THE RONDA ROUSEY STORY: THROUGH MY FATHER'S EYES -- A Personal but Unconvincing Biography of a Legendary Fighter
Review by Sean Boelman
Hoping to give fans a glimpse into the behind-the-scenes life of the famous wrestler and MMA fighter, The Ronda Rousey Story: Through My Father’s Eyes is a new sports documentary offering a biography of the athlete, albeit with a more personal touch. However, despite the wealth of the filmmakers had at their disposal, this ultimately comes across as a bland attempt at making a celebrity seem more “down-to-earth”.
As one would expect, the film explores Rousey’s rise to success and the various obstacles she has faced along her journey. A particular focus is given in the movie to Rousey’s relationship with her father, who died when she was young and played an integral role in her desire to become an athlete. As one of the world’s most famous and talented fighters competing today, the story of how she got to this level is certainly going to be of interest to her fans.
One of the biggest problems with this film is that it is unable to feel deep enough to make the audience identify with the subject on a deeper level. Although fans are likely to have a pre-existing connection with Rousey, other viewers are unlikely to find themselves particularly moved by what they see in this movie, as it fails to provide any insight into her life or career beyond the superficial.
As the title implies, the film’s emotional crux comes from Rousey trying to live her life in a way that would have made her late father proud. While this does humanize Rousey and make her story feel a lot more sympathetic, it isn’t always used effectively. Some of the interviews in which Rousey is reflecting on her life and thinking about her father end up feeling quite artificial, as if they exist for the sole purpose of tugging at the audience’s heartstrings.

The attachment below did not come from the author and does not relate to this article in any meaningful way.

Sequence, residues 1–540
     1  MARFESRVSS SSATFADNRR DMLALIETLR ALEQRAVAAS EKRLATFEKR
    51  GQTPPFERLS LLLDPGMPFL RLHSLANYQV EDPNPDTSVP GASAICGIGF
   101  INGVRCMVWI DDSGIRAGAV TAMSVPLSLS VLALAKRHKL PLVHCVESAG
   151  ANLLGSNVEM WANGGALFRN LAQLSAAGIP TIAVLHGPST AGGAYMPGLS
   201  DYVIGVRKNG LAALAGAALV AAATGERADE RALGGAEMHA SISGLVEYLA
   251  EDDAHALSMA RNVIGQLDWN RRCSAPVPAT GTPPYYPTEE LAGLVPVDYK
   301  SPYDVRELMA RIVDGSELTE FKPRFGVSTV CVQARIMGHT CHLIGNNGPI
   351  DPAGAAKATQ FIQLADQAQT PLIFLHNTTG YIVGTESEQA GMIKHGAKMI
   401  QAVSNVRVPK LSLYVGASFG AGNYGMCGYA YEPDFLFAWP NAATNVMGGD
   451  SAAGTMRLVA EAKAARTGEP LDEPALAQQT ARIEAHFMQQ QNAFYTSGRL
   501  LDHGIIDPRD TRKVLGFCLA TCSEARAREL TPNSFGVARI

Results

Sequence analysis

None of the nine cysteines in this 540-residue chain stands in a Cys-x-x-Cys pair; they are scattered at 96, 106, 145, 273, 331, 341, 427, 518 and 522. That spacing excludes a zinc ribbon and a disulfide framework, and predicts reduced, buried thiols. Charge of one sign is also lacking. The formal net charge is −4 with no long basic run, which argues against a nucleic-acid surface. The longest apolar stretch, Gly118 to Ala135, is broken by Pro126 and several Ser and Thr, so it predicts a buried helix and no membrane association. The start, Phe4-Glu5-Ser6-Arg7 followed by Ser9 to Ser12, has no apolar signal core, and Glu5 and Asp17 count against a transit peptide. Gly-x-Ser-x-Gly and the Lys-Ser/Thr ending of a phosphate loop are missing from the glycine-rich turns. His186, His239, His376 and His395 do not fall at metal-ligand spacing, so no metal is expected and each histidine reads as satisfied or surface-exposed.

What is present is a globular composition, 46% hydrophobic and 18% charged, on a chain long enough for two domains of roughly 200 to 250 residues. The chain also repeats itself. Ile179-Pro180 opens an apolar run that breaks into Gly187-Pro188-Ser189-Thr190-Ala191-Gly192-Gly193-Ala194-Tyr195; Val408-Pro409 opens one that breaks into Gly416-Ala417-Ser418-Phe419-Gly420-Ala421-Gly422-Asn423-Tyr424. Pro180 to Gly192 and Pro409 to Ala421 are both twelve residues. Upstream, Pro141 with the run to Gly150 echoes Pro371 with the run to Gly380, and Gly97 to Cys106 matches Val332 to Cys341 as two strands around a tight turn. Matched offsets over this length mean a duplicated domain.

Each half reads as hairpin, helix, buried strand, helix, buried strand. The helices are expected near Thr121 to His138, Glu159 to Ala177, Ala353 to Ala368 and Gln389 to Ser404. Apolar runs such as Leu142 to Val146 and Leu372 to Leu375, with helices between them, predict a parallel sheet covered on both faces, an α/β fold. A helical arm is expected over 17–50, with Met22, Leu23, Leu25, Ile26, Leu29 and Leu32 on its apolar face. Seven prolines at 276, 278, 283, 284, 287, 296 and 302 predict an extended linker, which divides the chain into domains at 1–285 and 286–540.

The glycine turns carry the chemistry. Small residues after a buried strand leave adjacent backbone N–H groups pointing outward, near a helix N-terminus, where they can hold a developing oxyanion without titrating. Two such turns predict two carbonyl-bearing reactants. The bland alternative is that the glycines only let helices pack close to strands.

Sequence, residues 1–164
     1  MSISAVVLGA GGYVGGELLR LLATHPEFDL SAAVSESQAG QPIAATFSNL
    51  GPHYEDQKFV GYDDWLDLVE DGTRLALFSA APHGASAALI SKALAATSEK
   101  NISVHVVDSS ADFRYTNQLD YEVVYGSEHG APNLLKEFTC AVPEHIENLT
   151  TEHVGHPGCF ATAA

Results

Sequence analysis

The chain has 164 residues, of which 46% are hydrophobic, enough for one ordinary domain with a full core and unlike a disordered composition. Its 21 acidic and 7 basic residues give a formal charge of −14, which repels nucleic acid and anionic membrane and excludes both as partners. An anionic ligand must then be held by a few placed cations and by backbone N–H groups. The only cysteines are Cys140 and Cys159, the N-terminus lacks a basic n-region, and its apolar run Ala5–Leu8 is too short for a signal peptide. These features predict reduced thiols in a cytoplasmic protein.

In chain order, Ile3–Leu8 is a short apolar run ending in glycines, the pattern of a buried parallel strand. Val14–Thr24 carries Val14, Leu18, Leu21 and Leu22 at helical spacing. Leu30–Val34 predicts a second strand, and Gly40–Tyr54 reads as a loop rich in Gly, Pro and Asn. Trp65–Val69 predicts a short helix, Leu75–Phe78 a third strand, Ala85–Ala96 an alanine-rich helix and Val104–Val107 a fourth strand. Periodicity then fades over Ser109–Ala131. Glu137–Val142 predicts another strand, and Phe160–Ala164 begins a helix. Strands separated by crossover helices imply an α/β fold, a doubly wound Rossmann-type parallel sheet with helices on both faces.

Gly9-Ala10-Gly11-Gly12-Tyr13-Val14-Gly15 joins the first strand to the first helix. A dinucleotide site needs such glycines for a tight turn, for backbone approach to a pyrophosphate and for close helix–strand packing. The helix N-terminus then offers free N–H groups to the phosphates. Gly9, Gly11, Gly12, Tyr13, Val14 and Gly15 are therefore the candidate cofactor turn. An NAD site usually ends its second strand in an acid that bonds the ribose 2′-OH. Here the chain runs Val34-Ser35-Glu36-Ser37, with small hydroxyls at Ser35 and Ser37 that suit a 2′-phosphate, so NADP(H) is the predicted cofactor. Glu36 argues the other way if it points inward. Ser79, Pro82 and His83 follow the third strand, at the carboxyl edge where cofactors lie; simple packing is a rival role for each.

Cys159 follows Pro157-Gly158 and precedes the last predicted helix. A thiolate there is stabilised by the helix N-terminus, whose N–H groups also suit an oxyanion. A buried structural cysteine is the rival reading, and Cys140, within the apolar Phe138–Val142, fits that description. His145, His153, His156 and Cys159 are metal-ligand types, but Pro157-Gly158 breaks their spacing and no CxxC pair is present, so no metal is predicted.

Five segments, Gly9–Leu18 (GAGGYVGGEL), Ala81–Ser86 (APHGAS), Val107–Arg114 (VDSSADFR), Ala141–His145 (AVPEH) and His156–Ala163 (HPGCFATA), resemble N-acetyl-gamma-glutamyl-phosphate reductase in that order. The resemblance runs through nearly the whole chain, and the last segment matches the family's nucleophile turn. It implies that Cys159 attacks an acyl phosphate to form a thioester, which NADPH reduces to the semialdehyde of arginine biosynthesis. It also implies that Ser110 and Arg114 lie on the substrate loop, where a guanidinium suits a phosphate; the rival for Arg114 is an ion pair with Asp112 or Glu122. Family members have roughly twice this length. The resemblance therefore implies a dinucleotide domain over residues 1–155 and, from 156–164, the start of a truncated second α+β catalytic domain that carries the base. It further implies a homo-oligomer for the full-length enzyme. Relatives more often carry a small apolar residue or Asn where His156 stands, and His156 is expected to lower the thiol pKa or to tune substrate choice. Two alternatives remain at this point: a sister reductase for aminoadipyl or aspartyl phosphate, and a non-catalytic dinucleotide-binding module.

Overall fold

On a technical level, the movie feels like it was made decades ago, the visuals looking like they were shot and edited on technology that has long been obsolete. In the beginning of the film, Gary Stretch, who also narrates, explains how he was drawn to Rousey’s story when he became friends with her. What viewers will soon come to realize is that, no matter how interesting the story is, Stretch does not have the ability to tell it in a cinematic way.
The interviews in the movie are shot in a way that does not follow the conventions of standard framing practices, and the results are not aesthetically appealing in any way. Some of the interviews are out of focus, and others are composed in a way that results in the subjects’ heads being cut off. Stretch’s lack of experience is a filmmaker is obvious and frequently distracting.
That said, with Stretch’s background in sports (he was a boxer himself), one would think that the sports sequences would be more prevalent in the film than they are. Instead, the movie almost exclusively tells the emotional and human side of Rousey’s story. Additional fight scenes would have gone a long way in making the documentary more cinematic and enjoyable.
The Ronda Rousey Story: Through My Father’s Eyes has something to offer for fans, but will be of little appeal to anyone else. Because the film isn’t particularly well-made, it is disappointingly difficult to get invested in Rousey’s story.
The Ronda Rousey Story: Through My Father’s Eyes is available on VOD beginning November 19.